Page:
1. Never save your best for last. Start with your best. Expend yourself immediately, then see what happens.

    The better you do at the beginning, the better you continue to do.

  2. The opening paragraph, first sentence, first line, phrase, word, title is vitally important.

    The beginning is the most important part of the whole work. It sets the tone and lets the readers know you’re a commanding writer.

  3. The first duty of a writer is to entertain. Readers lose interest with exposition and abstract philosophy. They want to be entertained.

    But they feel cheated if, in the course of entertaining, you haven’t taught them something worth knowing.

  4. Show, don’t tell or editorialise.

    “Not ideas about the thing, but the thing itself.” said Wallace Stevens.

  5. Voice is more important than image.

    “Poetry is not a thing, but a way of saying it.” A E Housman

  6. Story is more important than anything. Readers (and publishers) care a lot less about craft than they do about content.

    The question they ask isn’t, “How accomplished is the writer?” but “How good is the story?”

  7. These rules, pressed far enough, contradict each other.

    That’s the nature of rules for most things.

  8. All writing records conflict and change. Give the opposition quality attention and good lines.

    The power of the antagonists should equal that of the protagonists.

  9. Shift focus often.

    Vary sentence structure and type; jump back and forth in time and place; make a good mix of narration, description, exposition and dialogue.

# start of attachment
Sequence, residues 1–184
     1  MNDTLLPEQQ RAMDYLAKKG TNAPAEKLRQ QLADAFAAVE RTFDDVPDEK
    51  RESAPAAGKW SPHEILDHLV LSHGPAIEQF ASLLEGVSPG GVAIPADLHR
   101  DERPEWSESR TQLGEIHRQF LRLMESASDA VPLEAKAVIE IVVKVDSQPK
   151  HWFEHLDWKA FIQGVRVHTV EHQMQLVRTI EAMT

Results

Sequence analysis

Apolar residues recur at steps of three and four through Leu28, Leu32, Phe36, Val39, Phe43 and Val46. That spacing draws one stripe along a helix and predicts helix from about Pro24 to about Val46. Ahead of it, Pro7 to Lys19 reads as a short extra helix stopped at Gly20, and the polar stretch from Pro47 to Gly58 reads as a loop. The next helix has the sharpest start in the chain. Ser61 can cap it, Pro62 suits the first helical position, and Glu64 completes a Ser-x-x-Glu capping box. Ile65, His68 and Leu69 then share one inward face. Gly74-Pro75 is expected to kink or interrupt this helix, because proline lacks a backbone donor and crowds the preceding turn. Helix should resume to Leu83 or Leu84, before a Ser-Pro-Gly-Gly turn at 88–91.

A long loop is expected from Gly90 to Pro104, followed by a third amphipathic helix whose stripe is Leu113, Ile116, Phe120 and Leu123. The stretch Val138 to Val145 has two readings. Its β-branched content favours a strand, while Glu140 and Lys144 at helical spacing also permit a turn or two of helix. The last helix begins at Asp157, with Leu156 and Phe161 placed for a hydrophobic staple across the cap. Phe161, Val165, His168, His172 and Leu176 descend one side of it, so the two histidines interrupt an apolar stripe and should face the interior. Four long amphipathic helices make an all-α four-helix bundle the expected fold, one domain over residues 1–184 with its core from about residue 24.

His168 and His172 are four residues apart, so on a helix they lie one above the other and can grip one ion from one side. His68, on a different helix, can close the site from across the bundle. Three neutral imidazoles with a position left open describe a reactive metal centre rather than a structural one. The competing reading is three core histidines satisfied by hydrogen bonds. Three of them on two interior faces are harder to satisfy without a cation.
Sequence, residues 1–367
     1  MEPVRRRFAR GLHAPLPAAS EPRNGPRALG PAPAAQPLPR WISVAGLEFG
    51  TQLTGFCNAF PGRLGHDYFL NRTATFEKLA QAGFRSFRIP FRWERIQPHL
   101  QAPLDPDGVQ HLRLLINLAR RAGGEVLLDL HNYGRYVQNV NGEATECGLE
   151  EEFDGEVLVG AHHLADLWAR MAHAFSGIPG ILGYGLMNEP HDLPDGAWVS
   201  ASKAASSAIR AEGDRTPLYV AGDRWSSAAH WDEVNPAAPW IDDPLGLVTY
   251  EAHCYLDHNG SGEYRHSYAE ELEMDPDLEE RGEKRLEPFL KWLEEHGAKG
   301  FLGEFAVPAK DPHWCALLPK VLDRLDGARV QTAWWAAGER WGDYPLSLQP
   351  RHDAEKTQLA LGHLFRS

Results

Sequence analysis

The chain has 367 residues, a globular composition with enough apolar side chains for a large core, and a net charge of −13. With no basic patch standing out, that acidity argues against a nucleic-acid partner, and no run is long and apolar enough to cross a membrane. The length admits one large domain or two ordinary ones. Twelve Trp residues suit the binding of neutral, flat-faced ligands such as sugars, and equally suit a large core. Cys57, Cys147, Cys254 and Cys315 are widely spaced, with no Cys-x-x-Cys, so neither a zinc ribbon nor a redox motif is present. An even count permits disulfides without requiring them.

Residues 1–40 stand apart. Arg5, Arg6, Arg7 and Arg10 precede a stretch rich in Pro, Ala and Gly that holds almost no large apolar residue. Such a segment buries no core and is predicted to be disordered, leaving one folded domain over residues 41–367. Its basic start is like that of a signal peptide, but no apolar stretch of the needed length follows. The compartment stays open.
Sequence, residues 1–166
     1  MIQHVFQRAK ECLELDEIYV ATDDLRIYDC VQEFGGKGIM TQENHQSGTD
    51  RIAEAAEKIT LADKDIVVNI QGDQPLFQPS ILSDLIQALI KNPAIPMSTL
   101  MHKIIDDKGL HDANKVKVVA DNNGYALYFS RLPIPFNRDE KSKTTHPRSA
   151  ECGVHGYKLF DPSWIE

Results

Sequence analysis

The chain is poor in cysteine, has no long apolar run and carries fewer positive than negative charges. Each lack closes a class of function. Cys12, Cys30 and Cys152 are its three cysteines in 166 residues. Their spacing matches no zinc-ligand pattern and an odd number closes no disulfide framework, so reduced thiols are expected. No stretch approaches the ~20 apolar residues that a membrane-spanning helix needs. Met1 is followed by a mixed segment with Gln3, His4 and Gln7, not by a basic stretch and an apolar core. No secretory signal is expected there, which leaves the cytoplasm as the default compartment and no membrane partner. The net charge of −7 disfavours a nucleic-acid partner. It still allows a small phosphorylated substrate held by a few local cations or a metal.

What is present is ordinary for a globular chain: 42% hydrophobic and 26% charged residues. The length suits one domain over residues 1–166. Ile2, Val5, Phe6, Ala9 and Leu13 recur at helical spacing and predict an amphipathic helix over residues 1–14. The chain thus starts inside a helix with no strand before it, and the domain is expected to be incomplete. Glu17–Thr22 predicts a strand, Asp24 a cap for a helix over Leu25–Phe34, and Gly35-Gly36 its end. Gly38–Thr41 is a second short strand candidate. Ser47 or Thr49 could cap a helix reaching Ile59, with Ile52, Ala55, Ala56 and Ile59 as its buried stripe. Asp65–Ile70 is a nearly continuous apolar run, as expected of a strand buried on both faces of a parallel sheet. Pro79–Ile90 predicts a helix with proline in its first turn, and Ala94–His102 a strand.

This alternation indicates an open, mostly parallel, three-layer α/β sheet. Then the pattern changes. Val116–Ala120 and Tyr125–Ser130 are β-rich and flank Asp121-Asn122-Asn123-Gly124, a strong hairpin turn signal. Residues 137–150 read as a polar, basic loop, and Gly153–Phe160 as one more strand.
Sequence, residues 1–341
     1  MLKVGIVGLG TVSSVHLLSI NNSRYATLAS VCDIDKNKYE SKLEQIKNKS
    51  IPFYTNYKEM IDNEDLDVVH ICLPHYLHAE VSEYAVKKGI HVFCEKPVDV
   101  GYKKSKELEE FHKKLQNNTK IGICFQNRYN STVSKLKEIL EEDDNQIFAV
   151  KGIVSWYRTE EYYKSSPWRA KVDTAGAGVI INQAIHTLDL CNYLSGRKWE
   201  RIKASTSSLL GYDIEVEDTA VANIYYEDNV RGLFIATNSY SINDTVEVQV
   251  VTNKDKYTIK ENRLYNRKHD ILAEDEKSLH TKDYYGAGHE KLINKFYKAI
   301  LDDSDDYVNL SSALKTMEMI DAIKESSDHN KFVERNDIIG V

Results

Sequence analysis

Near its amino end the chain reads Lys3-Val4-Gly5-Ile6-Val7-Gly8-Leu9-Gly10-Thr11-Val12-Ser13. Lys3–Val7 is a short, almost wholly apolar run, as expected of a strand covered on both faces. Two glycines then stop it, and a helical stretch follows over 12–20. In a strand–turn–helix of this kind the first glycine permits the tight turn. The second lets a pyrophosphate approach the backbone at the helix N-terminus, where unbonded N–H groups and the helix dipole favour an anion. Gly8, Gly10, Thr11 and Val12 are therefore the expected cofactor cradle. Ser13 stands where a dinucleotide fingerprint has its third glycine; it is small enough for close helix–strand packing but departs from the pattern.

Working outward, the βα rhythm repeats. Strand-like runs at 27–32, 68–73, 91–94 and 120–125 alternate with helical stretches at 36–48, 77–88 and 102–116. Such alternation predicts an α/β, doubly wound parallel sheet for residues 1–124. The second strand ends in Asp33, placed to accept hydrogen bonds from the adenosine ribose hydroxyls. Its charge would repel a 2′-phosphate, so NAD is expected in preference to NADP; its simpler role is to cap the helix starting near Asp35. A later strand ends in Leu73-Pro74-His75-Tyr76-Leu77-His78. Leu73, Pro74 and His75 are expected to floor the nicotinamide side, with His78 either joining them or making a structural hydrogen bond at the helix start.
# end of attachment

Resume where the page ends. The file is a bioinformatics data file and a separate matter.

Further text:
10. Be careful of your diction.

    A single word, like a drop of iodine in a gallon of water, can change the colour of your entire manuscript.

  11. Provide readers with closure. The last sentences of the novel echo something that happened earlier.

    Life comes full circle. “If I have a pistol in my first chapter, a pistol ends the book.”—Ann Rule

  12. By the end of the work, the conflict should reach some satisfactory resolution.

    Not always a ‘happily ever after’ ending, but something should be finalised.

  13. Revise, revise. You never get it on the first try.

    Art shows up in rewriting.

  14. Avoid excessive use of adjectives and adverbs; trust the precision of your nouns and verbs. Verb form: the shorter the better.

    Avoid helping verbs and progressives. Avoid passive voice. Avoid clichēs and stock phrases.

  15. Be interesting with every sentence. Be brief.

    Hemingway’s first editor at the Kansas City Star gave him this style sheet: “Use short sentences. Use short first paragraphs. Use vigorous English. Be positive, not negative.” Hemingway later referred to that list as “the best rules I ever learned for the business of writing.”

  16. If you can be misread or misinterpreted, you will be.

    Check what you’ve written for innocent but troublesome double entendre.

  17. There are no rules for good writing.

    Those who break the ‘rules’ successfully are the true artists. But: learn, practise and master the rules first. “You cannot transcend what you do not know.” Sri Nisargadatta Maharaj

 By Steven Goldsberry. Reproduced for Educational Purposes.